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UK and Ireland ranked amongst the least complex

Whistleblowing and Cyber Security top the compliance agenda of multinational boards

For the second year running, Argentina has been ranked as the most complex country for multinational enterprises to do business in according to TMF Group’s Global Benchmark Complexity Index.

The far-reaching annual study by TMF Group, a leading provider of global business and compliance services, has ranked 81 jurisdictions across Europe, the Middle East, Africa, Asia-Pacific and the Americas according to how complex they are to do business in from a regulatory and compliance perspective.

According to the findings, South America was found to be the most complex region to operate in, accounting for the top three places and half of the Index’s top 20, including Brazil, which climbed 15 places to number two in the rankings.

The high levels of government bureaucracy and red tape are cited as key reasons for making the local business environment in Brazil extremely challenging. For example, it can take around 54 days of work to start a business in Brazil compared to just 6 days in the United Kingdom.

The UK (including the Channel Islands) and Ireland are ranked amongst the least complex places to do business, alongside Australia, Hong Kong and New Zealand.

Ireland has retained its place in the top three least complex business destinations (79th out of 81) for the second year running thanks largely to its common law framework, stable political environment, strong legal framework and pro-business attitude.  The enactment of the Companies Bill in early 2015 is expected to simplify its environment even further and initiatives such as the Knowledge Development Box, which will enhance Ireland’s onshore intellectual property regime, will ensure Ireland remains one of the most popular destinations for international business.

Results summary:

  • Argentina (1st), Brazil (2nd) and Bolivia (3rd) are ranked as the most complex
  • Poland (7th) is the only European country to feature in the top 20 despite significant reform, thanks in part to systems and laws inherited from the former Soviet Union
  • Also in the top 10 were the United Arab Emirates (4th) and the emerging economies of Korea (5th), Indonesia (9th) and Thailand (10th)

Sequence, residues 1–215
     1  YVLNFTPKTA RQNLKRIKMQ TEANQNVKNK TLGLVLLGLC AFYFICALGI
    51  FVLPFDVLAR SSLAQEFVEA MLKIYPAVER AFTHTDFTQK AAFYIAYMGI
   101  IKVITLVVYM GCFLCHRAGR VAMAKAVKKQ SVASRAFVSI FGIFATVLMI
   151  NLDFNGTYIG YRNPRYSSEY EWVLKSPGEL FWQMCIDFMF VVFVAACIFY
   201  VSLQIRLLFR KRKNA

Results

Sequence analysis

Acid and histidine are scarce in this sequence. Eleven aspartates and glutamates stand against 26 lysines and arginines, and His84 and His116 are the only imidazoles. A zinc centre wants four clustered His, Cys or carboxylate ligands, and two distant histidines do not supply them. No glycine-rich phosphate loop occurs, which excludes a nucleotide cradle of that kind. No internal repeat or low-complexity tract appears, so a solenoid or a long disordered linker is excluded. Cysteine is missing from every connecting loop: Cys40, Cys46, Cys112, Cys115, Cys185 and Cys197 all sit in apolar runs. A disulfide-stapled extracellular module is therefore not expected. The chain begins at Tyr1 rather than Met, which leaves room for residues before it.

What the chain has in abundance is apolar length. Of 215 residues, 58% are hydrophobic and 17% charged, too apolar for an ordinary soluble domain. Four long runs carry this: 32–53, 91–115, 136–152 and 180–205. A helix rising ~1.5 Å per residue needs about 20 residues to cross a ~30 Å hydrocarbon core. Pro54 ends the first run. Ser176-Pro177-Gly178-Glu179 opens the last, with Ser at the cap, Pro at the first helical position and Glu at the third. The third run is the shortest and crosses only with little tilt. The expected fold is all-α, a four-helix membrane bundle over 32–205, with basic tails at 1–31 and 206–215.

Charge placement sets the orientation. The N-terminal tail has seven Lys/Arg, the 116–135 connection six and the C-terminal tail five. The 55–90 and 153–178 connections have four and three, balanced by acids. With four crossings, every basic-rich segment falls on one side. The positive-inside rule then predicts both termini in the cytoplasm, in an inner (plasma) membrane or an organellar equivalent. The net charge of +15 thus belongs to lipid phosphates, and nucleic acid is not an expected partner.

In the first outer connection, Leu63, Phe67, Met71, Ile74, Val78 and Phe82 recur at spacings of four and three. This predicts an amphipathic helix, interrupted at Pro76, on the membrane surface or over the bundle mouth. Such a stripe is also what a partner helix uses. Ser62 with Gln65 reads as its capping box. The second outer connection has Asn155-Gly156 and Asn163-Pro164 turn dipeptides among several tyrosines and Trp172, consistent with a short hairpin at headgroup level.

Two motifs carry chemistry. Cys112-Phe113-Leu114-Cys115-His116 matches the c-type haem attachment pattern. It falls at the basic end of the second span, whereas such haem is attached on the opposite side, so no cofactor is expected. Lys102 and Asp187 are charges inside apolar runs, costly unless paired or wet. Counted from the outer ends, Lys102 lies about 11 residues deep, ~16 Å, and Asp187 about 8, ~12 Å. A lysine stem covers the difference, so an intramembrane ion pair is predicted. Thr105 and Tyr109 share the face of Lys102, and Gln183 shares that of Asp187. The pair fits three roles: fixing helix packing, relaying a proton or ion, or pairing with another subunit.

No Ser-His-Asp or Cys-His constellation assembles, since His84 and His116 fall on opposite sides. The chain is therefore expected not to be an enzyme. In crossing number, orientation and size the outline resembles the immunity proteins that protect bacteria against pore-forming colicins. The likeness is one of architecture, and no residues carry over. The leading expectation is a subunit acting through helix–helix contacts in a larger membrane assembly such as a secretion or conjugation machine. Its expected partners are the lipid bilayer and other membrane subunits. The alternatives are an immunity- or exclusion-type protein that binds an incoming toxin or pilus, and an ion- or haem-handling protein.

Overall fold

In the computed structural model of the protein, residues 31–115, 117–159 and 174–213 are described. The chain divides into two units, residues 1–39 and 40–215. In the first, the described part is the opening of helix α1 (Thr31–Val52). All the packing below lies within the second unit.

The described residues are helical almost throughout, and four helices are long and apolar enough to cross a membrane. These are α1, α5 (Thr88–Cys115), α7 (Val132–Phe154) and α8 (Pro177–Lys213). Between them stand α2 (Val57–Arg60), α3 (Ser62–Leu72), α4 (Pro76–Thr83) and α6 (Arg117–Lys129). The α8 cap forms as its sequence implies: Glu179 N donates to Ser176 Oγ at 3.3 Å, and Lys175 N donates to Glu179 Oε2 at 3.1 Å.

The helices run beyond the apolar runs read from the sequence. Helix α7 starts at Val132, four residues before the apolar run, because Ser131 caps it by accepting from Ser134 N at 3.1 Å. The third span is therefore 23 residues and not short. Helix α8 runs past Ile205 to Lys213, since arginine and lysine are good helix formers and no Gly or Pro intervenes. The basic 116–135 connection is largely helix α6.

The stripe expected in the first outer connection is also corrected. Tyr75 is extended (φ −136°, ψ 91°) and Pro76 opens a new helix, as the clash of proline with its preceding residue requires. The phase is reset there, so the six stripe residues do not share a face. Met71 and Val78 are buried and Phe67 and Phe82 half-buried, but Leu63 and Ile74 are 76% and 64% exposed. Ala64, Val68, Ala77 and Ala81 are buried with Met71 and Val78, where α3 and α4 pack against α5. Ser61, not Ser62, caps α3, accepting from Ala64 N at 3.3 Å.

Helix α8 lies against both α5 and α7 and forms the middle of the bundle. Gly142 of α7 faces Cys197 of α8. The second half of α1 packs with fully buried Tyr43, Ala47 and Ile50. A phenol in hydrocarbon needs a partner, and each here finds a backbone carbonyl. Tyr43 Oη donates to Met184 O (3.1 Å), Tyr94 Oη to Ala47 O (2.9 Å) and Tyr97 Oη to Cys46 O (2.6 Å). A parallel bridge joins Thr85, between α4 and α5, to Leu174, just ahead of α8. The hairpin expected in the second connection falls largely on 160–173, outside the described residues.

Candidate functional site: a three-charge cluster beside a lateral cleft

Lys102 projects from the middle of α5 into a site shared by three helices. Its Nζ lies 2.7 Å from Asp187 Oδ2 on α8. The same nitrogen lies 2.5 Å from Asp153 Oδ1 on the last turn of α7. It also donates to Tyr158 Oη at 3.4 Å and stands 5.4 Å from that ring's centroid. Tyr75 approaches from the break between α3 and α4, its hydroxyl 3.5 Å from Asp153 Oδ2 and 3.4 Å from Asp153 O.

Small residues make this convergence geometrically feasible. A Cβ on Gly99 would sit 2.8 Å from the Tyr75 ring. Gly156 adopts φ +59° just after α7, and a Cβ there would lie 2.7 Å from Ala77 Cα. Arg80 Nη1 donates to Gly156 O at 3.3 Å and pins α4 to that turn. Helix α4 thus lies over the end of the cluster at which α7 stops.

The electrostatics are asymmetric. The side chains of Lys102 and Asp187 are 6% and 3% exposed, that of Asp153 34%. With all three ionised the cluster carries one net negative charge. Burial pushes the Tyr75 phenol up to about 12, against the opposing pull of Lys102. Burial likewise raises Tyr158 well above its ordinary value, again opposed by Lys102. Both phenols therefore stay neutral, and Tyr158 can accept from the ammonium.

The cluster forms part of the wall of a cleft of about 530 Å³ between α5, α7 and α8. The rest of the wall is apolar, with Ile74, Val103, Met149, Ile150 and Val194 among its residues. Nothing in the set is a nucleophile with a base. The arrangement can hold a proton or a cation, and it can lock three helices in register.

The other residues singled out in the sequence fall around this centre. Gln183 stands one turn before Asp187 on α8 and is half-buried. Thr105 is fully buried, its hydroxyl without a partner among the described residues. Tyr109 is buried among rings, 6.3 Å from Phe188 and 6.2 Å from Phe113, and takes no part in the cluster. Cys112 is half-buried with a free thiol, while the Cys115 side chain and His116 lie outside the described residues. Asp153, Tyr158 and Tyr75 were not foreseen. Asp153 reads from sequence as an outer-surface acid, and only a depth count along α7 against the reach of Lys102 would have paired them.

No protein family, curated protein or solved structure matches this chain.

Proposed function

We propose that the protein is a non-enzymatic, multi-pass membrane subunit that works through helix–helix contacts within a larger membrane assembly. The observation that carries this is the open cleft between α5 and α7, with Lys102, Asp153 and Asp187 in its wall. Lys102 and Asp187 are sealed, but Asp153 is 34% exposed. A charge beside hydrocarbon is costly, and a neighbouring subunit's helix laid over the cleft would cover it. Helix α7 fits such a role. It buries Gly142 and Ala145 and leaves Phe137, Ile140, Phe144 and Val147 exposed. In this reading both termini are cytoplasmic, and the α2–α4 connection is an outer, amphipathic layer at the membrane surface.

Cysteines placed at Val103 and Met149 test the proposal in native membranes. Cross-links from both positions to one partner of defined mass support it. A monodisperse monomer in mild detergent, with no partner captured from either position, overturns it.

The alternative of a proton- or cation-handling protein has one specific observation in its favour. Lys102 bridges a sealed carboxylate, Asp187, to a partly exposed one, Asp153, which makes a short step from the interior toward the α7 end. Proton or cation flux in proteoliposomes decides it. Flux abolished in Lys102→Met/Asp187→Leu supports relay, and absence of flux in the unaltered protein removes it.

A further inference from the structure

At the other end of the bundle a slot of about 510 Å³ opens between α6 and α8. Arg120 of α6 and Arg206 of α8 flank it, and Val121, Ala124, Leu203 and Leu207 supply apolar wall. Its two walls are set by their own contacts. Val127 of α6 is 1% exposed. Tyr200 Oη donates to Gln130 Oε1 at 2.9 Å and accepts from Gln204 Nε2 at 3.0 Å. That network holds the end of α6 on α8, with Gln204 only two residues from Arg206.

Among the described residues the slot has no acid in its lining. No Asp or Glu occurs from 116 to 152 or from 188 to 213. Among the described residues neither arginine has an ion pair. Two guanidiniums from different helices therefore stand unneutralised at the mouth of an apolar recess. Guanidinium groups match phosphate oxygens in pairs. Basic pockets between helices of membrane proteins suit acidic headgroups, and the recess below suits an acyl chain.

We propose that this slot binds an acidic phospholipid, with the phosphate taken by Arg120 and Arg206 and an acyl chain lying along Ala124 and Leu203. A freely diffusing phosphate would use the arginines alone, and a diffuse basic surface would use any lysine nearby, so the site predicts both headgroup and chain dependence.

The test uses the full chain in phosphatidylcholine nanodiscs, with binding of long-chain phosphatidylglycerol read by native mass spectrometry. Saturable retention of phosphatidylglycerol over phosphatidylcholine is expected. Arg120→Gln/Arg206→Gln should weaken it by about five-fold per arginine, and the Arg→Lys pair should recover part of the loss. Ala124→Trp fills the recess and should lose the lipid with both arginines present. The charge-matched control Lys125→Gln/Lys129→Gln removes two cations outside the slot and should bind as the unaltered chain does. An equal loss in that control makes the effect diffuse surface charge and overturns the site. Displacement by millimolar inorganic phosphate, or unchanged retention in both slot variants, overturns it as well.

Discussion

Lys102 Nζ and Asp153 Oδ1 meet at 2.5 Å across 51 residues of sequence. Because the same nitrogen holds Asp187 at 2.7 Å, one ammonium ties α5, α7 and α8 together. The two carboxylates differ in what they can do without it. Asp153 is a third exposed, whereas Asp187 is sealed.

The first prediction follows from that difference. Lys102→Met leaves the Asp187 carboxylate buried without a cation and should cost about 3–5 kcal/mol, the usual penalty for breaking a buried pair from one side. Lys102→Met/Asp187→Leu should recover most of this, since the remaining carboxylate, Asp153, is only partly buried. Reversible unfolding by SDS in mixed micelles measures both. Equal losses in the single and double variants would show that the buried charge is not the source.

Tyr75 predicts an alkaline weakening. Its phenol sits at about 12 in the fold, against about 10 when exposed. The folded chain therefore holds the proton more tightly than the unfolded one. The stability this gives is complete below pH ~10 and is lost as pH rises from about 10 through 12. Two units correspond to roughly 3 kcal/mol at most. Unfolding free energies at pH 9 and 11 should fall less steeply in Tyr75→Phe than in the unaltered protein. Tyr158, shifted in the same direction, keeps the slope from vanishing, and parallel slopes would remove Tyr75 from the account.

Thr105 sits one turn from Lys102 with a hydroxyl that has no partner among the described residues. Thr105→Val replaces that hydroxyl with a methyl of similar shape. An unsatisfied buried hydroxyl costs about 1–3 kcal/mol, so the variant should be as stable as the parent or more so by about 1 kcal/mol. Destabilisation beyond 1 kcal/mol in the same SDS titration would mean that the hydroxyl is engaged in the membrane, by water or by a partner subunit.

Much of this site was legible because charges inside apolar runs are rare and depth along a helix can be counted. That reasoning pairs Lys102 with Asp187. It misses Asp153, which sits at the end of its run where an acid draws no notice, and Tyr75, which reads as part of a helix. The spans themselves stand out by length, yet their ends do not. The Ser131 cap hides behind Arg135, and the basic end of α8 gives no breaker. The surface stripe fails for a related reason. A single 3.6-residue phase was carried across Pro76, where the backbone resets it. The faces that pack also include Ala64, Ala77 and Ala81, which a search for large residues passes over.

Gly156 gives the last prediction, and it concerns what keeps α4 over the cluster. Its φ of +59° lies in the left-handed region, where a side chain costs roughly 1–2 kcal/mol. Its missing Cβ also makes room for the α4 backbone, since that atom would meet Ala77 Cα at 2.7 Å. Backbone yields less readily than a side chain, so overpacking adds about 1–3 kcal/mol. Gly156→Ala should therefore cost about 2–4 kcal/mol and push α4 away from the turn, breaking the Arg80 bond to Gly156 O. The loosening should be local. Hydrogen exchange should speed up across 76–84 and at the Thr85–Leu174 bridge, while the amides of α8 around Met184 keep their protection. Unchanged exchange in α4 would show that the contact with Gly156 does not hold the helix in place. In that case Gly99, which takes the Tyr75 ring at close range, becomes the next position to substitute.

• Ireland (79th), Hong Kong (80th) and Jersey (81st) ranked as the least complex

The research identified local legal systems as a key driver in the complexity of regulatory environments.  Those countries that operated a civil law framework, including many South American countries, were typically ranked higher than those where common law is employed.

Other drivers include economic and political turbulence such as the recent presidential elections in Indonesia and the formation of a new parliament in Thailand in June 2014.  There were also significant changes in the global business environment and an increase in the compliance requirements shouldered by organisations, including FACTA, anti-bribery and corruption, the OECD Base Erosion and Profit Shifting (‘BEPS’) Project and changes in international company law.

In terms of trending compliance topics over the course of 2014, whistleblowing and cyber security featured the most heavily.  Whistleblowing programs are increasingly being implemented by multinational companies as they seek to raise their global corporate governance standards and identify and address weaknesses across their global operations in order to defend stakeholder value.

Commenting on the findings, Thorold Youngman-Sullivan, Global Head of Corporate Secretarial Services at TMF Group, said: “The burden of managing various international entities continues to be a major headache for multinational companies and their boards of directors.  Growing internal and external stakeholder pressure, changing regulation and the continued expansion by multinationals into new territories have all added to the compliance responsibilities shouldered by their in-house teams. 

“As part of this, certain jurisdictions have changed significantly their complexity ranking from the previous year as new rules come into force, meaning that there are an increasing number of potential pitfalls waiting for those firms expanding into new territories without sufficient knowledge of the local landscapes.”

Global Banking & Finance Review


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